Saddleback golfer with dark past has inspired comeback story

Sam Apresa practices his swing at the Saddleback College Golf Driving Range on a bright Saturday afternoon. (Photo by Tameem Seraj)

Tameem Seraj

His love for the game of golf and his strong Christian faith helped 34-year-old Saddleback student Sam Apresa overcome drug addiction and finish school.

Apresa is currently playing in his first season for the Saddleback golf team and is going for his associate of science degree in human services. His future is looking bright for him, but getting to this point was a rocky path.

Apresa was born in Bakersfield on Nov. 9, 1977 to Joe Apresa and Rosalinda Lewis. He is the youngest of three boys and was home-schooled for 10 years starting in the second grade. He started classes at Los Angeles Valley College at the young age of 13 and his first course there was ping pong.

But when Apresa was 16 his father introduced him to the game he would fall in love with, golf.

“I love the beauty of the game and the beautiful courses, especially the ones by the beach. I feel like I am in nature while on the golf course,” Apresa said.

His golfing career was temporarily derailed a year later in 1994 when his parents got a divorce and Apresa stopped playing. He picked the game back up when he was 20 and in 2001 even thought about trying out for the Amateur Open when he had his handicap down to two.

But when Apresa was 19 he picked up a new hobby, one that almost killed him, crystal meth.

“I felt like I was invincible while I was using,” Apresa said.

In 1998 Apresa got married but divorced only a year later. He had two daughters with his ex-wife, 13-year-old Alyssa and 12-year-old Alexis. Apresa’s daughters are currently with his ex and he has not seen them for seven years. He also has a 5-year-old son named Seth from a different relationship.

In January, 2006 Apresa took his addiction and his sense of entrepreneurship to Las Vegas. Apresa and his brother Michael, who is a year older, wanted to open an advertisement company. But the advertisement company soon turned into a furniture store.

Apresa got into trouble with some bad people which led to some close calls, he said. His partner made some bad deals with a biker gang on the outskirts of Vegas and the gang put a hit out on Apresa and his partner. The leader of the gang’s daughter was fond of Apresa and eventually cleared his name. he said.

Another incident also involved Apresa’s partner making a chain of bad deals. Four guys with guns showed up to his apartment and tried to get in. A neighbor saw the men with guns and quickly called the police who showed up in time before they got into the apartment, he said.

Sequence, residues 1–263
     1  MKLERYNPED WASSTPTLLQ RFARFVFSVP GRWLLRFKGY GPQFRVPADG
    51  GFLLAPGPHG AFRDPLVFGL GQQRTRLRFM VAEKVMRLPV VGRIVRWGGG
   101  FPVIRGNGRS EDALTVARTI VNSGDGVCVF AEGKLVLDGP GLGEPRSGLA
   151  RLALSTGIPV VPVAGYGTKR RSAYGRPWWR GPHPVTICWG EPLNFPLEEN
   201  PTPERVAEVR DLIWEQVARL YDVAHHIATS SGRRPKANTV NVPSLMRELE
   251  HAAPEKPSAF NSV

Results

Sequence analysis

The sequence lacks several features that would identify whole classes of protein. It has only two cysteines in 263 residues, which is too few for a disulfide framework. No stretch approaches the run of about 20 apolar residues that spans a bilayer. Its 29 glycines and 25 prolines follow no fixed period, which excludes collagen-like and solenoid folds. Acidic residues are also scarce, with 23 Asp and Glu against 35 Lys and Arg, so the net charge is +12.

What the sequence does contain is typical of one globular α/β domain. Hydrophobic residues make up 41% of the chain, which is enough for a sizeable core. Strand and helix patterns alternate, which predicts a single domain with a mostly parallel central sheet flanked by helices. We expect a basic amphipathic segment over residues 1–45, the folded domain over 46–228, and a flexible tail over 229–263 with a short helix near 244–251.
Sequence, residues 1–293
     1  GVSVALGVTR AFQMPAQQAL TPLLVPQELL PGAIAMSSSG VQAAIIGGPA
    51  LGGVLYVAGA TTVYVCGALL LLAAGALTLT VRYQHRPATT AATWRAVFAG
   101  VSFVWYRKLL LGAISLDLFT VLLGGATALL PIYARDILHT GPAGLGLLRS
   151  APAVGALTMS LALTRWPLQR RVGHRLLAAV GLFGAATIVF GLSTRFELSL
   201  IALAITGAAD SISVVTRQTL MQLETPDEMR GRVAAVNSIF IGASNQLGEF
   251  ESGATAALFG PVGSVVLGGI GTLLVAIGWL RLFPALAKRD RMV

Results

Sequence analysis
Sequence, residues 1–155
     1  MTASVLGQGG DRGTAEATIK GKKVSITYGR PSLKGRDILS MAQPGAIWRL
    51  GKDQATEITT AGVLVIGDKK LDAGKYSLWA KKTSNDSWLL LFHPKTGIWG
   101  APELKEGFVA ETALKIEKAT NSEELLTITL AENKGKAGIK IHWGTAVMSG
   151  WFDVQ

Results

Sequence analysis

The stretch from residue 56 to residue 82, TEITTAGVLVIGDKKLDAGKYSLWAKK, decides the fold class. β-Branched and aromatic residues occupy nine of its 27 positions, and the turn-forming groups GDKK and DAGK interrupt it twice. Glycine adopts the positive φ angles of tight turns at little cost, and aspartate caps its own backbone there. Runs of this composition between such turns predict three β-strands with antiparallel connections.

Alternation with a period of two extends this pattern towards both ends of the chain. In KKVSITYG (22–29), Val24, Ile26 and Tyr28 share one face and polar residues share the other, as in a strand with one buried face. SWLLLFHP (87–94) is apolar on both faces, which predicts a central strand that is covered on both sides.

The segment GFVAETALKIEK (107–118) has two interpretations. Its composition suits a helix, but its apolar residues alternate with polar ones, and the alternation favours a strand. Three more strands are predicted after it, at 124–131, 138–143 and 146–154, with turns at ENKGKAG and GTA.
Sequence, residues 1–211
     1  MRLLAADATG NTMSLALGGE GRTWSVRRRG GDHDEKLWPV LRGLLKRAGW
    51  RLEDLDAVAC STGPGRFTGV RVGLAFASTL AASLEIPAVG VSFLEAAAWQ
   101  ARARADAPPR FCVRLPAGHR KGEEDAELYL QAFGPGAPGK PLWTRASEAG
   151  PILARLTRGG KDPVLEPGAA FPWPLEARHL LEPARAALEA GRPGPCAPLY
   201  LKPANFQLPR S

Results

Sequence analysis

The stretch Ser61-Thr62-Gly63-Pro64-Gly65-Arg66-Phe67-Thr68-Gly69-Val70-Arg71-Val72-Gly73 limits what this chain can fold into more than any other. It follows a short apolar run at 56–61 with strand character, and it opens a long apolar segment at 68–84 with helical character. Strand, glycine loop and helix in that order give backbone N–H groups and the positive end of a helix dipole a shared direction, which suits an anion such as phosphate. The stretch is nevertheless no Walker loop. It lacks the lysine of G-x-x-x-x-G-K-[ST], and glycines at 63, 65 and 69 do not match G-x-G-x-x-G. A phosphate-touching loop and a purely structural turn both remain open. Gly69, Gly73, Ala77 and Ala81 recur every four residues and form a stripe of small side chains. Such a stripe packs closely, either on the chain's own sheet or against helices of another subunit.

One of Apresa’s lowest points on drugs was when he almost overdosed in Utah. He had heart palpitations and went into a coma. Paramedics revived him and when he woke up he said he felt depressed and scared.

In January, 2007 Apresa made the decision to move to Orange County to enter a rehabilitation program for his addiction. He entered Teen Challenge which is a 15 month live-in program. He finished the program in October, 2008 and has been free of crystal meth since June 4, 2007.

Apresa credits his strong faith and the help of God for getting him through his addiction and get his life back on track. Apresa attends church regularly on Sundays. He goes to Cross Point in Yorba Linda and Vineyard Church in Laguna Niguel.

Three months after finishing Teen Challenge, Apresa went back to the game he loved and started golfing again. He uses golf to find some inspiration or as a source of relief.

“I do a lot of thinking on the course,” Apresa said. “When I get stressed I go play a game.”

Apresa got into the golf team by meeting his now teammate Brian Boermeester in a class they had together. Boermeester encouraged Apresa to tryout for the team.

Apresa said he enjoys being on the team and has improved his game under coach Mike Rae and other instructors at the Saddleback range. He gets along well with his teammates and jokes often with them.

“They call me grandpa and I call them my sons,” Apresa said.

Even coach Rae enjoys having a good role model as a student athlete.

“[Apresa] adds stability and maturity to the team. [Apresa] doesn’t cause problems and is not a distraction and is responsible by showing up on time,” Rae said.

Apresa hopes to one day be a golf instructor and infuse his passion for the game into others. Another goal Apresa has is to be a drug and alcohol counselor so that he can reach out to a younger generation and tell his story so that others don’t have to suffer like he has.

He is currently working on an autobiography and it is a quarter of the way completed.

He still has a sense of entrepreneurship and he wants to open an outdoor lighting business with a friend.

Apresa has two classes remaining before he gets his A.S. degree and he is excited to walk when he graduates.

“It will be a huge self esteem boost because I have started but not completed many things in my life,” Apresa said.